PEI

Mixed motions: Premier, Green leader spar over electoral reform proposals

P.E.I. Premier Wade MacLauchlan brought a motion up for debate Friday that would see Islanders vote in a binding referendum on changing the province’s electoral model as part of the 2019 provincial election.

Wade MacLauchlan counters Peter Bevan-Baker's motion with one calling for referendum during next election

Premier Wade MacLauchlan responds to a question from Green Party Leader Peter Bevan-Baker in the P.E.I. Legislature on Friday. (CBC)

P.E.I. Premier Wade MacLauchlan brought a motion up for debate Friday that would see Islanders vote in a binding referendum on changing the province's electoral model as part of the 2019 provincial election.

A plebiscite this fall found 52 per cent of Island voters support changing to a mixed member proportional electoral model, versus 43 per cent in favour of the current first past the post.

But MacLauchlan has cast doubt on the results based on the voter turnout of 36.5 per cent, suggesting the results may not represent "a clear expression of the will of Prince Edward Islanders."

I believe that any reasonable and well-informed person would agree that we have an imperfect result.– Premier Wade MacLauchlan

"I believe that any reasonable and well-informed person would agree that we have an imperfect result," MacLauchlan told the House on Friday. "That is not an admission of failure. It is a recognition that we can and must do better."

According to MacLauchlan's proposal, "a clear question in a binding referendum on democratic renewal will give all Islanders the confidence of knowing that there is broad-based support for a new electoral model."

Two choices in referendum

The premier has proposed two choices in the referendum: one being mixed member proportional, the second an electoral model to be determined through debate in the legislature.

The leader of the Green Party tabled his own motion earlier in the week, supported by the opposition PCs, calling on the next election to be held under mixed member proportional representation.

Friday, Peter Bevan-Baker said another vote is simply unnecessary.

'Disrespect of taxpayers' dollars'

"Really what the premier is saying is all of that effort, all of that time, all of that money ... The only thing we're going to take from that is we're going to have another vote," he said. "To me that's a real disrespect of taxpayers' dollars. And it's a real disrespect of the 37,000 Islanders who did take the time and effort [to vote in the plebiscite]."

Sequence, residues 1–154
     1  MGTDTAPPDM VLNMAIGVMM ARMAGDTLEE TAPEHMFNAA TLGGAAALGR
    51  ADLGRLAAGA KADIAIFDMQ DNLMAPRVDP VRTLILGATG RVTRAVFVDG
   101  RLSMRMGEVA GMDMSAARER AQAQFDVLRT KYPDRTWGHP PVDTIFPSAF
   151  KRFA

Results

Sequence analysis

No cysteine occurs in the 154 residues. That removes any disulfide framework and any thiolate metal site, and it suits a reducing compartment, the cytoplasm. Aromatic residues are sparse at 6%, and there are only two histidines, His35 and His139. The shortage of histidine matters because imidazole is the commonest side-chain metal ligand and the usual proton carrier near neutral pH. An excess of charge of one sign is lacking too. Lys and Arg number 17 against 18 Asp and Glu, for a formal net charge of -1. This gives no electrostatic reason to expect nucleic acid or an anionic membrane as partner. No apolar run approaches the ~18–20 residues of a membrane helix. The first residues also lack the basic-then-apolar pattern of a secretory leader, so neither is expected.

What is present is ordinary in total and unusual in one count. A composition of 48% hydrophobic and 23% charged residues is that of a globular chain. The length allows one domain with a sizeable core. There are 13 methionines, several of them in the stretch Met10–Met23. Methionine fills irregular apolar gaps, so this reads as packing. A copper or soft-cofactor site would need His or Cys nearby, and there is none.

The plebiscite has become a sensitive political issue for the Liberals, most of whom represent districts where voters chose mixed member proportional in the plebiscite.

In the legislature this week, a number of Liberals took aim at Bevan-Baker, complaining about some of the language he's used in the debate over electoral reform. Bevan-Baker complained that Liberal MLA Jordan Brown "filibustered" Bevan-Baker's motion on electoral reform Tuesday night when he spoke for 56 minutes, running out the clock on the evening sitting of the legislature.

Outburst by MacLauchlan

Bevan-Baker also was quoted by CBC News this week calling the premier's plan for a referendum "a cowardly move and … a denial of democracy."

It was MacLauchlan himself who erupted in an uncharacteristic outburst in the House on Friday, as Bevan-Baker was questioning the premier on the province's controversial e-gaming affair.

"When a member opposite appears in the public media and accuses other members of cowardice, or accuses other members of filibustering when they're offering an honest and decent opinion, that's when you start bringing this House into disrepute," said MacLauchlan, jabbing a finger toward Bevan-Baker.

Both motions can be debated

Both MacLauchlan's and Bevan-Baker's motions on electoral reform are currently on the list to be debated in the legislature. The speaker has ruled they can both be debated until either of them has passed.

Since the Liberals control a majority of the House, it's more likely MacLauchlan's motion will carry the day. When asked whether the Liberal caucus will be allowed a free vote on the issue, MacLauchlan didn't answer directly, but said the Liberal caucus has debated the issue for about 12 hours, and is "united in putting forward the motion that was put today."

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